Feeds

US rolls out 'Vicinity RFID' to check IDs in moving vehicles

From 20-30 feet. But your data is safe, honest...

Secure remote control for conventional and virtual desktops

RFID technology that allows the remote identification of travellers in moving vehicles is being rolled out at US land border crossings this month. Crossing points with Canada at Blaine, and with Mexico at Nogales, came online last week, with Buffalo, Detroit and San Ysidro to follow, and a total of 39 planned.

The system uses the US PASSport (People, Access Security Service) card, which is intended to operate within the Western Hemisphere Travel Initiative (WHTI) for US citizens entering the US via land and sea ports. Using "Vicinity RFID" it can read the cards from a healthy skimming distance of 20-30 feet, but according to the Department of Homeland Security this isn't a problem. The RFID chip on the card doesn't contain any personal information, only a unique identification number, and skimmers wouldn't have access to the data the number matches up with.

The system is intended to work like this. As a vehicle approaches the border post, the numbers of the cards inside it are read, and pictures and data on the holders are called up from a database. Then, presumably, the immigration officers check the faces of the passengers to make sure they match, and bust any who happen to be flagged as terrorists or loose criminals.

In addition to the PASSport card, some US states are beginning to issue Enhanced Driver's Licence/ID cards (EDL/ID), which have the PASSport RFID functionality added to a standard driver's license. These can also be used for land or sea entry to the US, but neither variety of card is valid elsewhere, or for WHTI air travel into the US. Obviously, they'd only be of any use at anybody else's border post if there were compatible readers there, and if the US had kindly shared its ID database with the relevant country.

So it's an internal passport system, one that's entirely incompatible with the biometric ID system that the US has gone to such pains to get the world to adopt. Were they only kidding, then? ®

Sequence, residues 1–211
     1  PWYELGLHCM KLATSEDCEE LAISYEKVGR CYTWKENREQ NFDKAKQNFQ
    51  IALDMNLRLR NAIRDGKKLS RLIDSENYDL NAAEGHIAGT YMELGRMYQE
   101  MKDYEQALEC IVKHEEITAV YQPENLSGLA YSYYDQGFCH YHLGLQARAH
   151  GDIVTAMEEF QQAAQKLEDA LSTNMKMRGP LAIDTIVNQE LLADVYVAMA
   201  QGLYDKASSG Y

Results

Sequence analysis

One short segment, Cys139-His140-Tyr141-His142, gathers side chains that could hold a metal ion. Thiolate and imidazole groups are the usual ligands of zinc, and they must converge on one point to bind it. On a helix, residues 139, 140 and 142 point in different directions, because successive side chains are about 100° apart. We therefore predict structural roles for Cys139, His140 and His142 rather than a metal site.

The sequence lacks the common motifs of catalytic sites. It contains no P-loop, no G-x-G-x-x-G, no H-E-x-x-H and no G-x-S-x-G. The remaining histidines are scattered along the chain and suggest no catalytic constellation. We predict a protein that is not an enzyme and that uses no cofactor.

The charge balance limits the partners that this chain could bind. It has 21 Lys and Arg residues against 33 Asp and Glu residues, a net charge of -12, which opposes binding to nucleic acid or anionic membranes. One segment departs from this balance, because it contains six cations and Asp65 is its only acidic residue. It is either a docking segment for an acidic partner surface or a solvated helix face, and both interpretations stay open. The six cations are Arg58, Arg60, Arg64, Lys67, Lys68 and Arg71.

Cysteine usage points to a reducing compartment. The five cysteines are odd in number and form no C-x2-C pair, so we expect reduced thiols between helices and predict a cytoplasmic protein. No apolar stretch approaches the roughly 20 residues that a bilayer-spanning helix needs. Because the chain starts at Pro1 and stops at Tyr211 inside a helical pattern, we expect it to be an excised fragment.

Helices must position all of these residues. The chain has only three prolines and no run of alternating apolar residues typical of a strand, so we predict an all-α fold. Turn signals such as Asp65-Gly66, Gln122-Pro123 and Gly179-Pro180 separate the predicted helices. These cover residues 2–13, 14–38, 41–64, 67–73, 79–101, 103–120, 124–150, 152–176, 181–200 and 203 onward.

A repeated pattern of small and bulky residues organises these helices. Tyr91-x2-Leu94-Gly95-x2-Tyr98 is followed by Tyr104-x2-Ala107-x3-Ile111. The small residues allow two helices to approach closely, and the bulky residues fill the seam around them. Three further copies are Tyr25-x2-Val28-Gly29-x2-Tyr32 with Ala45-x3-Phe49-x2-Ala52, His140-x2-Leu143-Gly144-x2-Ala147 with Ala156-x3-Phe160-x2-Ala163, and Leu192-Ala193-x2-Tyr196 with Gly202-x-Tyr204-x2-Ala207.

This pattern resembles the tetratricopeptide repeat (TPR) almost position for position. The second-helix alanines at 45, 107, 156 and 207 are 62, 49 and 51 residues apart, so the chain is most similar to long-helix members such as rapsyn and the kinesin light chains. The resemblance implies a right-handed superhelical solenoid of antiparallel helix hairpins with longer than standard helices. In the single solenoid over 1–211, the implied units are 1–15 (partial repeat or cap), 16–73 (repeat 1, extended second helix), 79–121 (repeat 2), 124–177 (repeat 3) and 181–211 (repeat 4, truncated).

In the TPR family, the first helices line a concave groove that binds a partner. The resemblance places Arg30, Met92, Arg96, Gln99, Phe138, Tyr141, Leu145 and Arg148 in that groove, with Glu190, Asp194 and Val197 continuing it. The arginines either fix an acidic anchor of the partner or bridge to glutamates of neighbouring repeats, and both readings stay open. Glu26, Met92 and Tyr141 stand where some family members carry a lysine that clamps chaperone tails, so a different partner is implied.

Intelligent flash storage arrays

More from The Register

next story
Scrapping the Human Rights Act: What about privacy and freedom of expression?
Justice minister's attack to destroy ability to challenge state
WHY did Sunday Mirror stoop to slurping selfies for smut sting?
Tabloid splashes, MP resigns - but there's a BIG copyright issue here
Hey Brit taxpayers. You just spent £4m on Central London ‘innovation playground’
Catapult me a Mojito, I feel an Digital Innovation coming on
Google hits back at 'Dear Rupert' over search dominance claims
Choc Factory sniffs: 'We're not pirate-lovers - also, you publish The Sun'
EU to accuse Ireland of giving Apple an overly peachy tax deal – report
Probe expected to say single-digit rate was unlawful
Inequality increasing? BOLLOCKS! You heard me: 'Screw the 1%'
There's morality and then there's economics ...
While you queued for an iPhone 6, Apple's Cook sold shares worth $35m
Right before the stock took a 3.8% dive amid bent and broken mobe drama
EU probes Google’s Android omerta again: Talk now, or else
Spill those Android secrets, or we’ll fine you
prev story

Whitepapers

Forging a new future with identity relationship management
Learn about ForgeRock's next generation IRM platform and how it is designed to empower CEOS's and enterprises to engage with consumers.
Storage capacity and performance optimization at Mizuno USA
Mizuno USA turn to Tegile storage technology to solve both their SAN and backup issues.
The next step in data security
With recent increased privacy concerns and computers becoming more powerful, the chance of hackers being able to crack smaller-sized RSA keys increases.
Security for virtualized datacentres
Legacy security solutions are inefficient due to the architectural differences between physical and virtual environments.
A strategic approach to identity relationship management
ForgeRock commissioned Forrester to evaluate companies’ IAM practices and requirements when it comes to customer-facing scenarios versus employee-facing ones.